What kind of clothes do you suggest me to bring?
It depends on the program you choose. For those programs which take place in the north coast of Peru (Archaeology and Bioarchaeology in San José de Moro and Biomedical Project); you must wear lightweight clothes. Keep in mind that the archaeological field work is at the excavation site, so you will get dirty most of the time!!! For the Biomedical project students, you might have the chance to go to the beach, so be prepared for that too!!!
If your program includes a field trip to the highlands (Gastronomy, Political Sciences, Spanish and Inca Culture, and Ethnomusicology), then you should bring winter as well as summer clothes. At the Andean Highlands, you will be more than 3000 meters above the sea level. And keep in mind that during the day, it’s warm and sunny; but at night it could get really cold!!!
Finally, if your program includes a field trip to the rainforest (Gastronomy and Ethnobotany), you must wear lightweight clothes because it is hot and humid, but with long sleeves to protect yourself from mosquitoes. Usually it’s sunny and hot, but rainy too; so bring a lightweight raincoat if you have one.
Please, also be aware of the cold and damp Lima weather for the days you will spend at the capital! Some of the programs spend two weeks in Lima, so bring winter clothes!
Are there certain prerequistes for the Program?
Yes! Some of our programs have prerequisites and you must include them in your application documents.
- The Ethnobotany Program requires at least one botany, biology or ecology course.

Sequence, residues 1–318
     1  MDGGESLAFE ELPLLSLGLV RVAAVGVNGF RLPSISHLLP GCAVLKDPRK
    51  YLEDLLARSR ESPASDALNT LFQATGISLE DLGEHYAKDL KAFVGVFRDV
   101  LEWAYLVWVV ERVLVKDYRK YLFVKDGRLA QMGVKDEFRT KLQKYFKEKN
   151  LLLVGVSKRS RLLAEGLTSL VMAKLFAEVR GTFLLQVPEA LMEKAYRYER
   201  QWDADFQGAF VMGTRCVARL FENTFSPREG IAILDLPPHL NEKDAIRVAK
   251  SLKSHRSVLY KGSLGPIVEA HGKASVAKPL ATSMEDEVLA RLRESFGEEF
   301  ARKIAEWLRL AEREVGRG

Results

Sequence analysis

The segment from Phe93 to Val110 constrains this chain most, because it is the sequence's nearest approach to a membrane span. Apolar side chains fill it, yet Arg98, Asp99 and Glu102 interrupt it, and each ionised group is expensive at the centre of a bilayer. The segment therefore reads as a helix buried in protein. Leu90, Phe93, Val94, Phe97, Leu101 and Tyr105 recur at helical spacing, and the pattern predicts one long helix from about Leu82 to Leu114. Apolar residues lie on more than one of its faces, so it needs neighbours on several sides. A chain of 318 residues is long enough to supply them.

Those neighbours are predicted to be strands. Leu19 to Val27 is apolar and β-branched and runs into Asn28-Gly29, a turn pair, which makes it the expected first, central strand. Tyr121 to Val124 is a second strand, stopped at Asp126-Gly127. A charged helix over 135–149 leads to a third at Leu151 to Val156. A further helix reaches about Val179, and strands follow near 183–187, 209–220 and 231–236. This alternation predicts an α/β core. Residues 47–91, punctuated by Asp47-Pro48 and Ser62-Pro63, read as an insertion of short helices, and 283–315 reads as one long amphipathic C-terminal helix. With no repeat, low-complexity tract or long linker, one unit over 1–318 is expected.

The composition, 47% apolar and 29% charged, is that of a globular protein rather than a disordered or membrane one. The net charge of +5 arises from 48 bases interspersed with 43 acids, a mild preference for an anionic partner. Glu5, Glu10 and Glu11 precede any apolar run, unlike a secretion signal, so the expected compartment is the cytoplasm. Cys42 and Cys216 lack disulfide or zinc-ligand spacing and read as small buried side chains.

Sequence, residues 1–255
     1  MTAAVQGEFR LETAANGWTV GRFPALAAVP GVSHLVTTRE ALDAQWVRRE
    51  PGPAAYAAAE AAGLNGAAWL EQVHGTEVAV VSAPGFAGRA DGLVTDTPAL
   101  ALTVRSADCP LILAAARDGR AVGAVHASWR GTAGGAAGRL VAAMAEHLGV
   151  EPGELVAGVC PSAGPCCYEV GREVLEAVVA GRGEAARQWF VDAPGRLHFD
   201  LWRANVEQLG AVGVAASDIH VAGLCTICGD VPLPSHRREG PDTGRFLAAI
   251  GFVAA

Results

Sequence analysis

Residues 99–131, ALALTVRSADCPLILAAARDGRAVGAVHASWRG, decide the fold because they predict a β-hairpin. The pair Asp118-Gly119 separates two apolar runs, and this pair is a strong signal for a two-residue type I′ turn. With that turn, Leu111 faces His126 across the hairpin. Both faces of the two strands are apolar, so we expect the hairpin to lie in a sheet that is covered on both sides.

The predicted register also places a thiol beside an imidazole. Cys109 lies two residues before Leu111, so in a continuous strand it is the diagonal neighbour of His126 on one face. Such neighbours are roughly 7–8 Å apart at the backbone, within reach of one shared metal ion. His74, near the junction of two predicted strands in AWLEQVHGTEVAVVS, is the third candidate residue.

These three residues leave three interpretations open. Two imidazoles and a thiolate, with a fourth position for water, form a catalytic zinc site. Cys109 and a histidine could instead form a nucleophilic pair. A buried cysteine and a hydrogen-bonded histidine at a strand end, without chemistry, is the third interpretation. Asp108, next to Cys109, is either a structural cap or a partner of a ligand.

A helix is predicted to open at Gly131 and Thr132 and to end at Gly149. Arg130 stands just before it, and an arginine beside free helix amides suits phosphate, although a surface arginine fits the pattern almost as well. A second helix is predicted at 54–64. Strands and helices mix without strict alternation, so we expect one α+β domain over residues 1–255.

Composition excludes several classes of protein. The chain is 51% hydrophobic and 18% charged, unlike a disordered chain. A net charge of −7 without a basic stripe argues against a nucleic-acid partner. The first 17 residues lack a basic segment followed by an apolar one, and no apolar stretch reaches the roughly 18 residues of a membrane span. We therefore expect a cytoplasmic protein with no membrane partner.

- The Bioarchaeology Program requires experience for the intermediate level. But it’s mandatory to take an exam at the beginning of the course, so your teachers can decide if the experience you have is enough to take the level you’re applying to.
- The Spanish Intermediate and Advanced Level for the Program in Cusco requires between two and three semesters of Spanish. However, your teachers will decide the level you are, after you take an exam at the beginning of the course.
- The Ethnomusicology, Gastronomy, Biomedical Engineering and Political Sciences Programs, don’t have prerequisites; but it’s important to be familiar with the Spanish language in order to maximize your interaction with the community during the field trips.
Do I need any kind of vaccinations to assist to the Program?
You need vaccinations just for the Ethnobotany and Gastronomy Program, because you will have field trips to the rainforest. As you can see at http://www.peru.travel/en/useful-information-9-2 (“Before coming to Peru”), you need the yellow fever vaccination:
“It is recommended that you take the proper measures to protect yourself, specially from mosquito bites, in order to prevent infection from, among other diseases, yellow fever (vaccination) and malaria (repellant and medication). Consult your doctor before traveling”.
Do I have to speak Spanish to participate in the Field School?
No. Students don’t need to speak Spanish fluently, but it is advisable to be familiar with the language. Although all classes are completely taught in English, the Ethnomusicology, Gastronomy, Biomedical Engineering and Political Sciences programs have a lot of trips, interviews and interaction with the community. Most of the time, teachers translate the information in case their students don’t understand Spanish. But it is much better if you do, so you can make the most of this experience.
Should I have to take some medicine against “high sickness”?